I’ve been writing a lot this week about content blocking on iOS 9, and a large part of that is because the coverage for content blocking has largely been negative. I think a lot of that negativity is less about content blocking, and more out of the fear of losing of income from the chief income source for most sites. And since almost all of the sites rely off of ads to make money — it would be near impossible for any of them to cover content blocking with objectivity.
That said, this site, only relies on membership for income, so it is in my best interest to do things to attract members. I also have a long track record of being privacy conscious and loathing ads in general. You are getting a fairly opposite view of advertising, as I neither need it, or like it.
So far I have covered just the apps: which are the fastest, which are the most full featured, and which save you the most bandwidth. With those things out of the way, it is now time to talk about what content blocking is, how it is done, and the ethics surrounding the usage of content blocking.
What is Content Blocking
Content blocking is not the same thing as ad blocking, but ad blocking is a part of content blocking. So to better understand these content blocking webkit apps, we first need to understand what they are trying to block and fix.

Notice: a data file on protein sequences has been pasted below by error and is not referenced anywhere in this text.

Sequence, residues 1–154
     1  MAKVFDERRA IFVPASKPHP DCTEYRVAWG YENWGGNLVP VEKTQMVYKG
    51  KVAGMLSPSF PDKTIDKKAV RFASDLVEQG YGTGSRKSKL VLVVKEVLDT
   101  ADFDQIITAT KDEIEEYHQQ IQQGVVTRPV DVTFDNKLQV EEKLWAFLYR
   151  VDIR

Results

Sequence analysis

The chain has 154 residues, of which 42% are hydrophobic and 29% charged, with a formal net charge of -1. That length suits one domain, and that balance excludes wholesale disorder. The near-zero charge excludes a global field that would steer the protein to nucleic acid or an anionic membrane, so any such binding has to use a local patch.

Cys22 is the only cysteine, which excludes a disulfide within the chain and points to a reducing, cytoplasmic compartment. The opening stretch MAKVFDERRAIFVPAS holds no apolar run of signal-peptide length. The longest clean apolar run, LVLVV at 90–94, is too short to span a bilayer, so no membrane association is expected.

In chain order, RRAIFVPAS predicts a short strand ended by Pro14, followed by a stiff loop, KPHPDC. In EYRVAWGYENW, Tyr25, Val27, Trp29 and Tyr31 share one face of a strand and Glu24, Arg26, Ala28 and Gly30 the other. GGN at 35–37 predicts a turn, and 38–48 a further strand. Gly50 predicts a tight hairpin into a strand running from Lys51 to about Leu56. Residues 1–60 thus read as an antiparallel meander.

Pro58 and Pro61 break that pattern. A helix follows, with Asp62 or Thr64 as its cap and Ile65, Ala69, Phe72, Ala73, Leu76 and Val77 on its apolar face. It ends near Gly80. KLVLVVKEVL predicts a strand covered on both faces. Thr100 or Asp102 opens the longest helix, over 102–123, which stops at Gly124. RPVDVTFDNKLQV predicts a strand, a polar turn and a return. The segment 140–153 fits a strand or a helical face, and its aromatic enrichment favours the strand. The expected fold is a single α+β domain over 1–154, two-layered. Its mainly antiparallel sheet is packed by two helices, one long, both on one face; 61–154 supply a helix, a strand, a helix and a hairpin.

There are three main types of content which these apps are trying to block:
- Ads: the images, video, and anything related the visual advertising on the site.
- Tracking: This is any form of a marker a website, advertisement, or web analytics package, could use to identify you in anyway across other sites, or even just returning to that site. Google Analytics being the most pervasive of the lot.
- Comments: Ok, well also Twitter share buttons, Facebook like buttons, and actual comment areas themselves. I’ll group these all together under the label of ‘comments’ because essentially it is your interaction with the words.
While most people seem to care about blocking advertising (and who can blame them, it is ugly), a good number of people are far more concerned with tracking scripts that will attempt to identify you across websites to better target things at you.
Both tracking and advertising are intertwined as they usually, but not always, go hand and hand with each other. While advertising is visually ugly, it is rather harmless. Trackers on the other hand are invisible and are privacy nightmares.
And this isn’t just a paranoid fantasy, some of the websites you visit often are likely laden with trackers. A quick check shows just how many trackers are on each site:
- Nytimes.com: 11 trackers